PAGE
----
6:11 But thou, O man of God, flee these things; and follow after righteousness, godliness, faith, love, patience, meekness.
Fleeing is a reiteration of the phrase found in 1 Timothy 6:5 that urges the believer to withdraw themselves from the “perverse disputing” that “gain is godliness.”
Following this statement, we find that this evil mindset is a temptation that is synonymous with the “love of money” in verse 10. So we are to flee the love of money and the wicked things that follow.
“O man of God” is a term unique to Timothy in the New Testament but technically utilized nearly 70 times within the Old Testament. This phrase was never used lightly and carried the connotation of a prophet or someone who acted as a mouthpiece for God.
This term is simply further validity to the accuracy of authorship and the intended original recipient of the letter. It should also be noted that the following is to be used in a contemporary setting for anyone who brings the Scripture and “speaks for God.”
We find that there are things that the man of God must do. The first order is to flee. The second order of business is to follow. Fleeing requires Christians to step away and set a proximity from unrighteousness and this is a task that does not need to be followed by spiritual stagnation.
Paul calls the believers to flee from unrighteousness and follow righteousness. Righteousness has God as the source and manifests itself in godliness and spiritual fruit (Galatians 5:22-23; 1 John 2:29).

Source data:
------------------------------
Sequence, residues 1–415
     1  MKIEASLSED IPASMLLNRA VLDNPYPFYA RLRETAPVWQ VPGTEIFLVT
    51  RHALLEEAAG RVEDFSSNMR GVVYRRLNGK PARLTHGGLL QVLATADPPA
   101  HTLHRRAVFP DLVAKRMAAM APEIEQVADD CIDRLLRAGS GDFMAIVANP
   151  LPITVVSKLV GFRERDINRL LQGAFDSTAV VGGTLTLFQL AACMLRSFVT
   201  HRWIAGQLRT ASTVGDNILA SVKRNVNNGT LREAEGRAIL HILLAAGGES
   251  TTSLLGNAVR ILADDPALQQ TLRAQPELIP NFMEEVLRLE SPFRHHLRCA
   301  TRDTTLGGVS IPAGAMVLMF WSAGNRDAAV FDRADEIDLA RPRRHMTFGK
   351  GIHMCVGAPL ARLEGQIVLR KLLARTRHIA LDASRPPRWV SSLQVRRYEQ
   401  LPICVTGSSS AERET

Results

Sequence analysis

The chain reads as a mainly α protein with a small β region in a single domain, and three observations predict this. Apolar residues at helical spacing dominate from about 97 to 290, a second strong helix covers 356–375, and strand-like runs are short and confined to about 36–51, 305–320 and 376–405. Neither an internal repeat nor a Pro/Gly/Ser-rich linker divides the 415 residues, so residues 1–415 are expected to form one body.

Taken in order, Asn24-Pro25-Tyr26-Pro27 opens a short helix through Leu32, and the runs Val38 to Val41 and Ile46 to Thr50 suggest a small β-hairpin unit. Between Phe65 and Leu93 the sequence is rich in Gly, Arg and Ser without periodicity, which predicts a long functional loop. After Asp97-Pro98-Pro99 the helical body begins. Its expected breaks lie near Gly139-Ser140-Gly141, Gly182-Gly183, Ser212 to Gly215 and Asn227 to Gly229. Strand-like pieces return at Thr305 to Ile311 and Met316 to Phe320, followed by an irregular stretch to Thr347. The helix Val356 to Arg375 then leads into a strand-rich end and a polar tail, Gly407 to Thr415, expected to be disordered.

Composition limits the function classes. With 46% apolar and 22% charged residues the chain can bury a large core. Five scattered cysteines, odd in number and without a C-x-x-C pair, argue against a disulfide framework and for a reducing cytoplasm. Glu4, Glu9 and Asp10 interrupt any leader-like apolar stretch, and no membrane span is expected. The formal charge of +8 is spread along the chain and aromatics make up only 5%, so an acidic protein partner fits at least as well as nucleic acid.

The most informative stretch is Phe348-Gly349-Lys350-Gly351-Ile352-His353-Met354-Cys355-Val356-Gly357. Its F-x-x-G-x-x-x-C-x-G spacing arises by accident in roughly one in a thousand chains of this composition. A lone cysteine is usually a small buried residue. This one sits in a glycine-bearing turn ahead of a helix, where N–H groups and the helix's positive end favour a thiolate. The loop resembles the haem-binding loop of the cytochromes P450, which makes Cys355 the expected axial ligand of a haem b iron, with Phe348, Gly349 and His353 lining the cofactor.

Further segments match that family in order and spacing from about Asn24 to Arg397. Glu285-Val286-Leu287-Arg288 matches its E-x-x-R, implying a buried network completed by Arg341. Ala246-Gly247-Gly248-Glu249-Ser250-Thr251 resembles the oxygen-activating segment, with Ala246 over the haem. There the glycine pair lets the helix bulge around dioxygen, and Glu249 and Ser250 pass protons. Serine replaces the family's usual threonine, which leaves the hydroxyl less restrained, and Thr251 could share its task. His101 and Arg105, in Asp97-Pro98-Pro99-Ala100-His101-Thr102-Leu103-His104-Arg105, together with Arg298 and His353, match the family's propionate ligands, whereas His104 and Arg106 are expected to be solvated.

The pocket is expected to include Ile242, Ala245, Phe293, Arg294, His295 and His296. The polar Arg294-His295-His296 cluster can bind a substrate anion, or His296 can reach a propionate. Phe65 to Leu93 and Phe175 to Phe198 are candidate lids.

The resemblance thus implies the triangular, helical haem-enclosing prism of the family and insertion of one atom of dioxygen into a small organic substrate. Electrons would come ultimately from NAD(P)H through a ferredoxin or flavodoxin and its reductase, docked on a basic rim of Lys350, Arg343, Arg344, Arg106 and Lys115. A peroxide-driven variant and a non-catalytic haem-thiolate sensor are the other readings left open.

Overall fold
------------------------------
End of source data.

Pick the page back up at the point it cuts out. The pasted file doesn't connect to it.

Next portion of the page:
6:12 Fight the good fight of faith, lay hold on eternal life, whereunto thou art also called, and hast professed a good profession before many witnesses.
The third step that the man of God must take in presenting the Gospel and Scripture faithfully is to fight. Paul in verse 12’s statement can be viewed as preparatory to his later statement to Timothy in 2 Timothy 4:7 where Paul affirms that he himself fought the good fight and kept the faith.
Paul forewarns and encourages Timothy in his fight against the spiritual forces as he labors or “agonizes,” as the original language term of “fight” states, for the faith (2 Timothy 4:7).
Note the first instruction following the fight is to “lay hold of eternal life.” Our fight is only possible with our eyes up. It is impossible to be successful in a fight or battle looking down. In hope, and with our eyes directed upward, we are saved (Romans 8:24).
Christian reality is synonymous with eternal hope. If this balance is broken, then we will live in a state of defeat.
6:13-16 I give thee charge in the sight of God, who quickeneth all things, and before Christ Jesus, who before Pontius Pilate witnessed a good confession;
That thou keep this commandment without spot, unrebukable, until the appearing of our Lord Jesus Christ:
Which in his times he shall shew, who is the blessed and only Potentate, the King of kings, and Lord of lords;
Who only hath immortality, dwelling in the light which no man can approach unto; whom no man hath seen, nor can see: to whom be honour and power everlasting. Amen.
When we are placed in Christ, we share many things with Jesus. We share in righteousness, our inheritance, sufferings, etc. (Ephesians 1:11-14; Philippians 1:29-30; 1 John 2:29). We may also share a good confession that Jesus obediently carried out before Pilate. Likewise, we have a good confession in Christ who gave a good confession before the Father (John 18:28-38).